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Wednesday, January 27, 2010

Writing Prompt: 1/27/2010

Classes are filling up like my tummy on an all you can eat pizza night! There are only a few spots left in the yummy classes below. Call 323-333-2954 before they are all gone.

Chad Gervich's class is next Saturday morning. He is a very successful TV writer/producer AND a great teacher. So I thought I'd have some TV fun with our writing prompt. Check it out below.

Writing Prompt: What was your favorite TV show when you were a kid? Make a list of five. Pick one and write whatever comes to mind for ten minutes. Then post it in the comments of this blog. You could win a free class, peeps!


Writing Pad said...

Here's an excerpt from my memoir in progress that relates to this prompt:
I am watching TV in our basement rec room with the ugly tiki brown and orange curtains. My mother is calling me from upstairs, “Marilyn—Mar-i-lyn!” Why should I leave the couch and pull myself away from my pal on the boob tube, Henry Winkler? I LOVE the Fonz! If I stay down here long enough, maybe he’ll agree to be my boyfriend or at least my handsome, older friend.


Unknown said...

Picking a list of 5 or 10 shows just isn't possible for me. I've always loved television almost to the point of obsession. Throughout my childhood my mother and father would try and curtail this by limiting the amount of time I could watch to an hour, or earning TV privileges with good grades, sometimes my Father would come in and shut the TV off and gruffly say, "Find something else to do."
I wouldn't argue, it would be pointless, plus I was good at finding other "stuff" to do. I had an active live away from the boob tube; I played sports, enrolled in years of dance classes, acted in community theatre, and sometimes played with other kids; but I always came back to TV. Inspector Gadget, GI Joe, Jem and the Holograms, The Facts Of Life, Guiding Light, Quantum Leap, Star Trek, The Muppet Show, after-school specials, japanime, I ate it all up. I still do. Last year I finally admitted that I like TV more than movies. It's true. In fact as much as I would like to earn a movie stars salary, I think I would rather work in television. Most shows nowadays have better scripts than movies anyway. Plus the roles for women are soooooo much better.

So I don't have a favorite TV show, cause I watched almost all of them. I loved my TV, that's what I loved.

Beard #1 said...

My aunt Alice is tremendously fat and she has a pronounced smell to her, the sulfuric combination of sweat, neglect and time. And yet I go to her apartment, a cramped, one bedroom filled with a house worth of stuff, because she has something we don't, a TV.

It is still two years before my parents break down and buy the second-hand black and white set that they keep in the unused shower in the second bathroom when not in use. It is still seven years before I am allowed to have a toy that has a gun involved with it. It is still twelve years before we had our first box of sugar cereal in the house (a box of corn pops I bought at Safeway when I was high).

So every Sunday night, in order to watch the Muppet Show, a must in my four year old world, I have to inhale only through my mouth, drag myself into the dark, choked apartment and settle into the farthest edge of the one threadbare couch in the room. My parents go to dinner. They can't get away fast enough. They don't come upstairs. Alice takes the cushion and a half next to me. She is already a cautionary tale in my house about neglecting oneself. I know I am supposed to love her but I am not sure how. Strange food smells swirl in with the stink already hanging in the air until they mix into a smell I can taste. I watch the show until I can't anymore.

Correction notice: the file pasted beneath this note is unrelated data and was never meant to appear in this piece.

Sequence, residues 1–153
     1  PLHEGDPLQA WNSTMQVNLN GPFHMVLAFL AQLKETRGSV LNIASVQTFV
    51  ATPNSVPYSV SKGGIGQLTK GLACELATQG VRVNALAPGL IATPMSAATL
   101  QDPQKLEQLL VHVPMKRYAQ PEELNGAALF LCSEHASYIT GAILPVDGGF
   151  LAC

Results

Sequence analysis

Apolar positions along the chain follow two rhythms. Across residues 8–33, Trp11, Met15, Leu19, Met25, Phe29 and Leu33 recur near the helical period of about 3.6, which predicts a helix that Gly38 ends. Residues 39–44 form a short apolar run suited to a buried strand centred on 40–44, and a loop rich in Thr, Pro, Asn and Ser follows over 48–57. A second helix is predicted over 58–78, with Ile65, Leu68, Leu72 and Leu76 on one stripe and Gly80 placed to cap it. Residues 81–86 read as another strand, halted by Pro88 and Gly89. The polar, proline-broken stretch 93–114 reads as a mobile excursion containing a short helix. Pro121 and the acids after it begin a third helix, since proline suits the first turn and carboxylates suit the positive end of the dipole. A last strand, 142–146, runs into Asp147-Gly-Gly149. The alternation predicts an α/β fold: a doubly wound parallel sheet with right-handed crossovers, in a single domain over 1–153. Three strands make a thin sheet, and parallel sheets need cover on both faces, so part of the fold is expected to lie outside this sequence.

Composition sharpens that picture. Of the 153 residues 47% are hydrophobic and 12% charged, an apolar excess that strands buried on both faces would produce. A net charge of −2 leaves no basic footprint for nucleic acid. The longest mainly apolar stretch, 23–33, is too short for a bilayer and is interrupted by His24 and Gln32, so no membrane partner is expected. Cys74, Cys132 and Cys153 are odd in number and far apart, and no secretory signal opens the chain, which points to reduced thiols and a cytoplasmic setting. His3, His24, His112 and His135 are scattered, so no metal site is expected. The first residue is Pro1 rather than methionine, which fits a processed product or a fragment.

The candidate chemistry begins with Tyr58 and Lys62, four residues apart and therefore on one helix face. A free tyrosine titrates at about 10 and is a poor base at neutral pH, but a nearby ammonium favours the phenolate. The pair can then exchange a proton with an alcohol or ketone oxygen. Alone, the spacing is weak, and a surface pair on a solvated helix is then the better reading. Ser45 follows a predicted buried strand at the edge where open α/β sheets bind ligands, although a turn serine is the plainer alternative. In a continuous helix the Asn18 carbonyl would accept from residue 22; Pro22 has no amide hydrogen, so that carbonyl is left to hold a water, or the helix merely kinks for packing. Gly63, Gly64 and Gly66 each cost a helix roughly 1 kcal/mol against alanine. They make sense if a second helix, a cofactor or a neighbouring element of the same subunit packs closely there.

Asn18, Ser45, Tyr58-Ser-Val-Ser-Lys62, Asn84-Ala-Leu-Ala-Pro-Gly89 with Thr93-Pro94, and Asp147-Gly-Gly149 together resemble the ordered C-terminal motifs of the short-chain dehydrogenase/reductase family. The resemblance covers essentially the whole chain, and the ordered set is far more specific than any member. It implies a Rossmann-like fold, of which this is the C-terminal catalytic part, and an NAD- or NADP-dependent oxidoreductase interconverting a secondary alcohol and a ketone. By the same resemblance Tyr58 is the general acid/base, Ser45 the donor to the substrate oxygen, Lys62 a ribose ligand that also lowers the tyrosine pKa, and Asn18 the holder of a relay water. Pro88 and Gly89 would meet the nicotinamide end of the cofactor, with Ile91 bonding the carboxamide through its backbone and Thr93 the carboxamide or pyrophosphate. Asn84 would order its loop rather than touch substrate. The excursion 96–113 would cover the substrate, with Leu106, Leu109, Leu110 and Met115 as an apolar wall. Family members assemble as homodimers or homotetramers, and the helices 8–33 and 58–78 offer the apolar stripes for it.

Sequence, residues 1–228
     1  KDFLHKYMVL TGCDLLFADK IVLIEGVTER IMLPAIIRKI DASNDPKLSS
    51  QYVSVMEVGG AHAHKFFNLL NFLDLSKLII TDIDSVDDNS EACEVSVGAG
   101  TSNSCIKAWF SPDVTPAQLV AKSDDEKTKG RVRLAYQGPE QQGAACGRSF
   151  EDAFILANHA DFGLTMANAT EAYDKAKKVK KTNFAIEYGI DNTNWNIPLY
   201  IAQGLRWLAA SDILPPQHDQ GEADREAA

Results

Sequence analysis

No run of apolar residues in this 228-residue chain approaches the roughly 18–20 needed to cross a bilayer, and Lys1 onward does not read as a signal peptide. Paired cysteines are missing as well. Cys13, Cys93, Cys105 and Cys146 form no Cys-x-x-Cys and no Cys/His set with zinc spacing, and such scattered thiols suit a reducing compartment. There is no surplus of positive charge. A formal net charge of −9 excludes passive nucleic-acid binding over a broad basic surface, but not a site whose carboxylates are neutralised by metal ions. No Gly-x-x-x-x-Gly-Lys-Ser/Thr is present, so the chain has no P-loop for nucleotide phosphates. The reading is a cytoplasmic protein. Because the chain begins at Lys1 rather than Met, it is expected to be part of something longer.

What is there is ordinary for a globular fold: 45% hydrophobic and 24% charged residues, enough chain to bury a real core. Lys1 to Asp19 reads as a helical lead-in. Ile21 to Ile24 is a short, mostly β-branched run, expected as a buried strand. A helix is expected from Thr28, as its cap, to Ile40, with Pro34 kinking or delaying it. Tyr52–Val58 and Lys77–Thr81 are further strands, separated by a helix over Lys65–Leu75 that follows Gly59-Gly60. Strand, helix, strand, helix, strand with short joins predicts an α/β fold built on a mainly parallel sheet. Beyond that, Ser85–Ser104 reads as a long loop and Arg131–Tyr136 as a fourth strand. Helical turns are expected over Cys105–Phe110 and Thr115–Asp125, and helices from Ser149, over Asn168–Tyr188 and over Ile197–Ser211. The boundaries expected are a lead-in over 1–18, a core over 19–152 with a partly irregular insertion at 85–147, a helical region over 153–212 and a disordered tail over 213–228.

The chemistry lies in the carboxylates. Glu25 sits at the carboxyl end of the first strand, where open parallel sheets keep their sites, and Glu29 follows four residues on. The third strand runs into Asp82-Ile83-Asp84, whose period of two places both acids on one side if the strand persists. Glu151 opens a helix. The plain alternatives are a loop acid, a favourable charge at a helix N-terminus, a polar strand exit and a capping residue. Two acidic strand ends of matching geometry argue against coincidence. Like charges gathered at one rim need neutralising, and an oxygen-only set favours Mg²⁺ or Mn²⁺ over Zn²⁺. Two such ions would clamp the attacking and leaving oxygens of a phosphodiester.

Eventually they got the black and white and we brought in food and watched the Muppet Show as a family. Then they got the color set and watched Hill Street Blues when they thought I was asleep. LA Law was another family show. Peopel said my dad looked like Michael Tucker.

Now they each have cable at their respective houses, as do I, and Sunday night is just the night before we all have to go back to work.

Team said...

I was a strange little kid who always had her head in a book. Yet I had a vivid fantasy life that focused itself around my favorite television show "The Bugaloos," a Sid and Marty Krofft extravaganza about a British bubblegum pop band who happened to be The Beatles. Get it? Well, it was 1970 and I loved the idea of anthropomorphized bugs singing and gamboling through Tranquility Forest. There was I.Q. the grasshopper; Courage the ladybug; Joy the butterfly and Harmony the bee.
And they all spoke with British accents which blew my mind because the guy who played Harmony was black guy who spoke in cockney slang. This show blew away all my previously preconceived notions about identity.

Unknown said...

In 1986 we lived in an olive green house in the northern New Jersey suburbs. The rec room had wood paneling in lieu of wall paper, indicating that this house was built in the late 60s/early 70s. I was at home, sick with the flu on this chilly, October morning and my mom, who was normally very restrictive about her kids' tv viewing, allowed me to watch tv all day.

In the early 80s, MTV still played music videos and in honor of Halloween, was showing Michael Jackson's Thriller. The video started off innocently enough with MJ and his high school girlfriend taking a ride together on a Friday night date. Then something changed...zombies surrounded the couple and transformed sweet, innocent Michael (remember, this was still the early 80s) into a zombie too. I started screaming for my mom to turn off the tv as I was too terrified to get too close to such a frightening image.

Sadly this only served to strenghtened my mom's resolve that tv wasn't healthy for kids and being sick was no longer a reason for watching the tube all day.

Writing Pad said...


I'm SO excited that so many of you responded to this prompt right away. I will give you likes and remembers by sometime on Friday.

Thanks for playing the comment game. :)


Anonymous said...

whoa! when I was a kid....I was a nerd. I liked Dusty's Treehouse (call me a nerd, but I tried to comment on your blog and ....couldn't get to it ...duh) Oh, and Fright Night with Seymour - loved to scare the bajeeezus out of myself.


Brandy Colbert said...